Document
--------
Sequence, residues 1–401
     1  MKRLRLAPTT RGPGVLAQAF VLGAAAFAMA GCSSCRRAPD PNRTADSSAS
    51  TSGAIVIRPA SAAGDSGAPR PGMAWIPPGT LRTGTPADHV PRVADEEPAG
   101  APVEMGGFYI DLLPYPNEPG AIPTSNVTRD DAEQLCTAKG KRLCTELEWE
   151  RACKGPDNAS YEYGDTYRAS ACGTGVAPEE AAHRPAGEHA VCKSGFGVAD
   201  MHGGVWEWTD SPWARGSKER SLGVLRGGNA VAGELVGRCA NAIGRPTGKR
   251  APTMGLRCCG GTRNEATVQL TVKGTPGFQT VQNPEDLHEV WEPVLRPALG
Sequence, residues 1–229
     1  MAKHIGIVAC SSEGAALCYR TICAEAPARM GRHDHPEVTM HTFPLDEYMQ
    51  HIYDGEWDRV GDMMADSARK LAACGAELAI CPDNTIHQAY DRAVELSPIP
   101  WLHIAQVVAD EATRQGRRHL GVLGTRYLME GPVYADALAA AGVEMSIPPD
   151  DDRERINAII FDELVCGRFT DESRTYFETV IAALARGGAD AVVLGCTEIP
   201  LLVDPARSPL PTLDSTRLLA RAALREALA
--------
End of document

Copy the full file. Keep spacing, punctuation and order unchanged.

Sequence, residues 1–401
     1  MKRLRLAPTT RGPGVLAQAF VLGAAAFAMA GCSSCRRAPD PNRTADSSAS
    51  TSGAIVIRPA SAAGDSGAPR PGMAWIPPGT LRTGTPADHV PRVADEEPAG
   101  APVEMGGFYI DLLPYPNEPG AIPTSNVTRD DAEQLCTAKG KRLCTELEWE
   151  RACKGPDNAS YEYGDTYRAS ACGTGVAPEE AAHRPAGEHA VCKSGFGVAD
   201  MHGGVWEWTD SPWARGSKER SLGVLRGGNA VAGELVGRCA NAIGRPTGKR
   251  APTMGLRCCG GTRNEATVQL TVKGTPGFQT VQNPEDLHEV WEPVLRPALG
Sequence, residues 1–229
     1  MAKHIGIVAC SSEGAALCYR TICAEAPARM GRHDHPEVTM HTFPLDEYMQ
    51  HIYDGEWDRV GDMMADSARK LAACGAELAI CPDNTIHQAY DRAVELSPIP
   101  WLHIAQVVAD EATRQGRRHL GVLGTRYLME GPVYADALAA AGVEMSIPPD
   151  DDRERINAII FDELVCGRFT DESRTYFETV IAALARGGAD AVVLGCTEIP
   201  LLVDPARSPL PTLDSTRLLA RAALREALA